The toxicology lab for the Missouri Department of Corrections (MDOC) is a busy place. In 2013 alone, it processed more than 118,000 samples. That work is primarily done by a laboratory staff of eight, led by Carol Bates, the lab’s manager.
Carol and her colleagues provide drug screening and confirmation for all offenders under the jurisdiction of the MDOC. They also process samples from MDOC employees statewide, who are subject to routine drug screening, and from potential employees during the pre-screening process. The samples, all urine, arrive from across the state—via regular mail, couriers, overnight delivery, etc.—and, in most cases, are processed within 24 hours.
Since 2005, Carol’s lab has used Thermo Scientific™ DRI™ drugs of abuse assays to screen as many as 600 samples each day. Screening is done for everything from opiates and cocaine to barbiturates and THC (Cannabinoid). Last year, the MDOC lab confirmed more than 6,400 of the screened samples as positive for a banned substance using gas chromatography/mass spectrometry.
Carol can’t imagine doing her job without the benefit of DRI drugs of abuse assays. According to her, the liquid, ready-to-use screening assays are “the most cost-effective method for screening, and this is especially key in state government where costs are closely watched.”
MDOC measures its screening “performance” on a per-test basis, and they constantly look for ways to lower the average cost. “You can’t do what we’re doing for lower cost than we’re doing it today,” she adds.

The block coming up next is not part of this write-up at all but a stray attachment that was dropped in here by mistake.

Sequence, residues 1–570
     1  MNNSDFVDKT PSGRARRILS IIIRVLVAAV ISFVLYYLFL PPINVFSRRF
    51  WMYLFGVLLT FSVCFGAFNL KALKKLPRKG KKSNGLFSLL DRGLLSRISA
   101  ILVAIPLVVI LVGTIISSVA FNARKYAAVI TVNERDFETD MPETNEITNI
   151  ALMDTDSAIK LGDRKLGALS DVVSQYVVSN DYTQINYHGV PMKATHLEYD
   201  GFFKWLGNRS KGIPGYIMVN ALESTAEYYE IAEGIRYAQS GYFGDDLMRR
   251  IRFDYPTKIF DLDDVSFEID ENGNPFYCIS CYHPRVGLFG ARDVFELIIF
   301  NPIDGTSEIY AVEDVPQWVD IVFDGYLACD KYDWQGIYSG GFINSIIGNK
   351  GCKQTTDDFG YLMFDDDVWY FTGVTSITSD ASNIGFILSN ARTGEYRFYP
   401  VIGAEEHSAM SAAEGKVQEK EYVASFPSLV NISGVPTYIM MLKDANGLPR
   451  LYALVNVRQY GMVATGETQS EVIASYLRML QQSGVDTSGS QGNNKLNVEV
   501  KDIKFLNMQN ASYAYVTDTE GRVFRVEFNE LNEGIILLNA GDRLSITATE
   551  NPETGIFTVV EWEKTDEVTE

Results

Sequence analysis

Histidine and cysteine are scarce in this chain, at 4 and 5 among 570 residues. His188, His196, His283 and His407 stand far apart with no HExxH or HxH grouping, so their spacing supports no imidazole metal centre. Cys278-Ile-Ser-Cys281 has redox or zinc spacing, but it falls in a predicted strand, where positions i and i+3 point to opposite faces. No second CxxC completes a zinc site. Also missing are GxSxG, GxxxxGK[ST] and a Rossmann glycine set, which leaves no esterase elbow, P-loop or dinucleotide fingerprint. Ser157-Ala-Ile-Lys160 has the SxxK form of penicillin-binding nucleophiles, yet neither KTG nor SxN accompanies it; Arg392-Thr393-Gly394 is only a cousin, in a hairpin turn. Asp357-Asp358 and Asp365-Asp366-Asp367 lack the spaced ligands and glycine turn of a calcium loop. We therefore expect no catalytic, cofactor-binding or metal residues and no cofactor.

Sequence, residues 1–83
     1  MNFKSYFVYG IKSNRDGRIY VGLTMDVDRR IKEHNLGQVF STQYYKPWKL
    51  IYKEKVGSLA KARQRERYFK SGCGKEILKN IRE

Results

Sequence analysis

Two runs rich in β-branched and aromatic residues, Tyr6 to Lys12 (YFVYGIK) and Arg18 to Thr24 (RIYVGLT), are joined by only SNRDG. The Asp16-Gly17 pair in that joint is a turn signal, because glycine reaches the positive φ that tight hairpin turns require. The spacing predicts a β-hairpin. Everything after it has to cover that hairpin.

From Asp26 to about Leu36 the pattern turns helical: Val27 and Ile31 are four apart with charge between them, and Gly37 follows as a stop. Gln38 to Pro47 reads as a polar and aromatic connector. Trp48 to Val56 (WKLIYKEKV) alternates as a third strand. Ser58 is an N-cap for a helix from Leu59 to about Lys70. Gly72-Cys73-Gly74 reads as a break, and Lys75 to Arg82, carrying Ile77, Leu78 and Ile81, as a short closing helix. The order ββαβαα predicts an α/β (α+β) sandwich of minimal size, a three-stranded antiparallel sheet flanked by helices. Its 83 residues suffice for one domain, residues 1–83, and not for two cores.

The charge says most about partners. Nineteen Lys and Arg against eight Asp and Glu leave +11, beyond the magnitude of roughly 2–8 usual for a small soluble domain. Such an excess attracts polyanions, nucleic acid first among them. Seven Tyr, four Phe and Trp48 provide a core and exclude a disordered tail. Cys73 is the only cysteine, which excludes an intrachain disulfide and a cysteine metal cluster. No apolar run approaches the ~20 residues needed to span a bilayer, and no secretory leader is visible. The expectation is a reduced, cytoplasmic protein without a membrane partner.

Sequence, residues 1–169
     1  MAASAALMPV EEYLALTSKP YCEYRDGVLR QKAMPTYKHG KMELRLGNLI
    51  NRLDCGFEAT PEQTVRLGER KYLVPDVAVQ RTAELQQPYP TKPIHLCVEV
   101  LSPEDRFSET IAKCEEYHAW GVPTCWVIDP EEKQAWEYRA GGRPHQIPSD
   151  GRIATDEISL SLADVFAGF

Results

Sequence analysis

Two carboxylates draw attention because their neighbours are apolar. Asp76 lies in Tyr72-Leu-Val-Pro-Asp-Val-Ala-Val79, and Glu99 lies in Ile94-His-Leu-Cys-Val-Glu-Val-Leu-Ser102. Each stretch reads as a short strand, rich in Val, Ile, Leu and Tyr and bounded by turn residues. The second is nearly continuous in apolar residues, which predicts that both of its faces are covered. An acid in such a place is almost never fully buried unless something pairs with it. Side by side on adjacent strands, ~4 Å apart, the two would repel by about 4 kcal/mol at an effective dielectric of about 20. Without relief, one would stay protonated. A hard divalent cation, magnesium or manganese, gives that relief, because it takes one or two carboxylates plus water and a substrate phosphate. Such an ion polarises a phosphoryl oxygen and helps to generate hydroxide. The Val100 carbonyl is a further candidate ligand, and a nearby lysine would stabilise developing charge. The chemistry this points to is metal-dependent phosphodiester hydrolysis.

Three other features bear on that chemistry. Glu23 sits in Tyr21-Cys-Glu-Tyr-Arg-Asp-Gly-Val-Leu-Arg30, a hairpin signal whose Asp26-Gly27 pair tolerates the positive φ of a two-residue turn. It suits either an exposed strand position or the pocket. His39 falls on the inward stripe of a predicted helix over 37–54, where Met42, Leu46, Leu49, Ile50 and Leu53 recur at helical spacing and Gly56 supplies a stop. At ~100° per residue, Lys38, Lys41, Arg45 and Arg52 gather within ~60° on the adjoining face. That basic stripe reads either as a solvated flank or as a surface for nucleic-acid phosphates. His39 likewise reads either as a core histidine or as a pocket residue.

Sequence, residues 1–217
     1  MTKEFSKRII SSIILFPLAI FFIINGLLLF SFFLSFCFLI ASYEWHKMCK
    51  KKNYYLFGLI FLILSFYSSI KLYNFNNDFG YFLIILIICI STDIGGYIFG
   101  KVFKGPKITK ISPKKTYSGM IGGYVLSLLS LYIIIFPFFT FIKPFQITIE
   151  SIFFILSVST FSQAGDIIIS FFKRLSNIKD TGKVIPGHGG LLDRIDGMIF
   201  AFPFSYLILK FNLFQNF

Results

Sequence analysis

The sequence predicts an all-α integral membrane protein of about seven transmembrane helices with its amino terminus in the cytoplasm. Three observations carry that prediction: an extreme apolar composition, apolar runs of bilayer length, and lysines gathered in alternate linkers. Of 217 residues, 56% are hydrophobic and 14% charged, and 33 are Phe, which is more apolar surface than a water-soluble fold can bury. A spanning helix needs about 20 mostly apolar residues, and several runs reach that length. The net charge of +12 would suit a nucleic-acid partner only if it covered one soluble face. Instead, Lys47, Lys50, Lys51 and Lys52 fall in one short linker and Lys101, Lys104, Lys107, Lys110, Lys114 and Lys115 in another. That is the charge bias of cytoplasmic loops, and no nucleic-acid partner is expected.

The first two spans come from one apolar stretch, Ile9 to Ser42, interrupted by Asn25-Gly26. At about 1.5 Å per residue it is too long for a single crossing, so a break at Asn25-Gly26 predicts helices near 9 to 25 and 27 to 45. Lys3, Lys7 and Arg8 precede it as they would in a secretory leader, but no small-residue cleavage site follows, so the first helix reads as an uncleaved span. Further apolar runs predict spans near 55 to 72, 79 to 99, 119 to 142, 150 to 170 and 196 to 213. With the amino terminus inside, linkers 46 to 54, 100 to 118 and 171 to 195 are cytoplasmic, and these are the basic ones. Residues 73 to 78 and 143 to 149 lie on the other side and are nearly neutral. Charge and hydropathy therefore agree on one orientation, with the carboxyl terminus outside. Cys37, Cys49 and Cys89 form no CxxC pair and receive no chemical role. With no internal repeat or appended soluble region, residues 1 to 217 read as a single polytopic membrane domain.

What makes DRI assays so ideal for labs such as MDOC’s is the versatility, ease and speed. First introduced in the mid-1990s, DRI assays have filled a critical need for speed without sacrificing accuracy and lot-to-lot consistency. There is no need for time-consuming reagent preparation and DRI assays can run on a range of analyzers.
So why is all this important? Because drug use in prison has been a historic problem. But that’s changing, and more frequent, accurate and faster testing may be an important factor. But we still have work to do, and a recent Washington Post blog post, “Ron Paul thinks drug use is rampant inside prisons. He’s wrong,” highlights this. The post suggests that perception of drug use in prison doesn’t match reality and further education is needed to see what progress is being—and can be—made.
The post’s author, Prof. Keith Humphreys, uses the example of the Louisiana state prison system, where there were 1,402 positive drug tests of prisoners over a three-year period. As Prof. Humphreys points out, however, given that Louisiana administered 120,000 tests during that same period, that would put drug use system-wide around one percent, 50 times lower than we’d expect to see outside prison. In Missouri, the number would be approximately five percent based on its own 2013 figures.
The situation in California’s prisons seems to argue for testing as well. A recent San Francisco Examiner article claimed that “California prisons find 1 in 4 inmates used drugs.” But, as of the writing of that piece, California didn’t require mandatory drug testing across its prisons. If the data from Louisiana and Missouri are any indication, California and other states would be wise to consider a more comprehensive—and streamlined—drugs of abuse screening and confirmation regimen.
The last word here goes to Carol Bates, however. She says that, at least for the screening and confirmation part of that regimen, today’s rapid, reliable assays will make testing at this scale “a whole lot easier.” The “Show Me” state – particularly its MDOC lab – is indeed showing other states the way.
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